Sunday, April 20, 2008
Another State Of Mind, Take 3: Jean Pierre Orlewicz Found Guilty Of First Degree Murder (And Another "Scarface" case)
I've written twice before (here and here) about the murder trial of Jean Pierre Orlewicz and Alexander Letkemann, who were accused of murdering and beheading Daniel Sorensen. Well, that trial ended this week, with Letkemann pleading guilty to second degree murder and them testifying against Letkemann, who was found guilty of first degree murder. There weren't any more interesting legal rulings in the case, but as I noted in my last post, the judge in the case made a pretrial ruling to exclude evidence such as images from "Scarface" that Sorensen posted on his MySpace page. I noted that I thought that the ruling was correct because any probative value that the images had was substantially outweighed by their prejudicial effect, making them inadmissible under Michigan Rule of Evidence 403 (depending on how defense counsel planned to use the images, they could also have constituted impermissible character evidence).
Well, the First Circuit Court of Appeals recently affirmed a ruling of the United States District Court for the District of Massachusetts that came to the opposite conclusion. In United States v. Marin, 2008 WL 1069800 (1st Cir. 2008), Antonio Marin was convicted by a jury of possessing a firearm in furtherance of drug trafficking, in violation of 18 U.S.C. Section 924(c). This conviction came after the DEA used a cooperating witness known as “Gijo” to make a series of cocaine purchases from Marin in the birthplace of basketball (and me), Springfield, Massachusetts. Simultaneous with the arrest, other DEA agents executed a search warrant at Marin's apartment, where they found 770-775 grams of cocaine, a digital scale, packaging materials, and a loaded .38 caliber semiautomatic handgun with a defaced serial number and a spare clip loaded with .38 caliber ammunition.
The issue at trial, then, was whether Marin possessed the firearm "in furtherance of" his drug trafficking or whether his firearm possession was unrelated to his drug trafficking. During his opening statement, defense counsel set forth the defense theory that Marin was simply "interested in guns" and that he had a "casual interest" in guns. The prosecution sought to rebut this argument at trial by introducing something else found in Marin's apartment: a "Scarface" shadowbox containing a picture of actor Al Pacino portraying a violent drug dealer, with a replica gun, cigar and money under the photo; and a poster of Pacino aiming a machine gun (I would guess it was this shadowbox). Defense counsel did not object to this evidence at trial, but he claimed on appeal that the evidence was inadmissible, either as irrelevant under Federal Rule of Evidence 401 or because its probative value was substantially outweighed by its prejudicial effect under Federal Rule of Evidence 403.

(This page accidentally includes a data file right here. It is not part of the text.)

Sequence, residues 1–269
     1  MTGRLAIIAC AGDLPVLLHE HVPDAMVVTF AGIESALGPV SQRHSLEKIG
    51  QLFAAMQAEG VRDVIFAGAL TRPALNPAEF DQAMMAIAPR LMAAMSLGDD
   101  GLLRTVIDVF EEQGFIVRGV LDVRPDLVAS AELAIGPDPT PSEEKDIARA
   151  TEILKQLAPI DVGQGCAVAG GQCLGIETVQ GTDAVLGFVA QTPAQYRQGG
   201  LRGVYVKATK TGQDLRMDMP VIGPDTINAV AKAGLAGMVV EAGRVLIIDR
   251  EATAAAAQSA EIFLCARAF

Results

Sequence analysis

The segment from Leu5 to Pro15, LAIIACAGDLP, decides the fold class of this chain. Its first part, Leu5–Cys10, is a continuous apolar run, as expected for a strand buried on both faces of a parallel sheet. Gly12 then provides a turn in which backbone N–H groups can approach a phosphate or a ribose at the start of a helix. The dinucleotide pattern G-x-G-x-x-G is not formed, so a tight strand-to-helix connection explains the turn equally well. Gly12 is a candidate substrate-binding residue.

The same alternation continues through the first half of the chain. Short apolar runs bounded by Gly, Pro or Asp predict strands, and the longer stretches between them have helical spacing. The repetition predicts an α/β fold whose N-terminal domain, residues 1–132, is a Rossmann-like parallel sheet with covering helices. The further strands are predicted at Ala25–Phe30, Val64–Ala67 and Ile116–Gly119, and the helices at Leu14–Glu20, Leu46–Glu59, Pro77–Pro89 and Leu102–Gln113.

The First Circuit, however, found that there was no plain error by the district court in admitting the evidence. Instead, it found that the government properly "used the evidence solely to rebut the 'casual interest' argument because of the reference made by the defense." The First Circuit "agree[d] with the defendant to the extent that, in some circumstances, the government's reliance on the 'Scarface' evidence might be improper." In Marin, however, the court found that "there was some probative value to the evidence, that of rebutting a defense theory which had been previewed to the jury in the opening statement, that relied on similar evidence." The court finally found that "[i]n view of the evidence's legitimate use and in light of the other evidence in the case, [it could] not say that the danger of unfair prejudice substantially outweighed the probative value of the evidence."
Really? If I were a judge and presented with a "Scarface" shadowbox found in a defendant's apartment, here's what I might think: (1) the defendant is a fan of the movie (many are); (2) the defendant is a fan of director Brian De Palma (maybe, unlike me, he could have even sat through all of "Redacted"; (3) the defendant is a fan of actor Al Pacino (maybe if he weren't incarcerated, he would have been one of the brave few to check out the critically reviled "88 Minutes" this weekend); (4) the defendant is a fan of actress MIchelle Pfeiffer (maybe he would have even Netflixed the direct-to-DVD "I Could Never Be Your Woman"); (5) the defendant is a fan of screenwriter Oliver Stone (maybe he could have even tolerated "Alexander"); and/or (6) the defendant is a fan of gangsters/gangster movies in general (so, he would likely have checked out Michael Mann's forthcoming "Public Enemies," and he almost certainly would have caught De Palma's proposed "The Untouchables: Capone Rising")
And that's pretty much it. Okay, if you twisted my arm, I might say that the shadowbox reveals that the defendant had a casual interest in guns, which was Marin's defense. But does it reveal a more than a casual interest in guns, as the First Circuit concluded? In the immortal words of John McEnroe, "You cannot be serious!" And if you are, then the NRA should be recruiting much more actively on college campuses because there are thousands of students across the country with Tony Montana posters on their dorm walls just waiting to become the next Charlton Heston.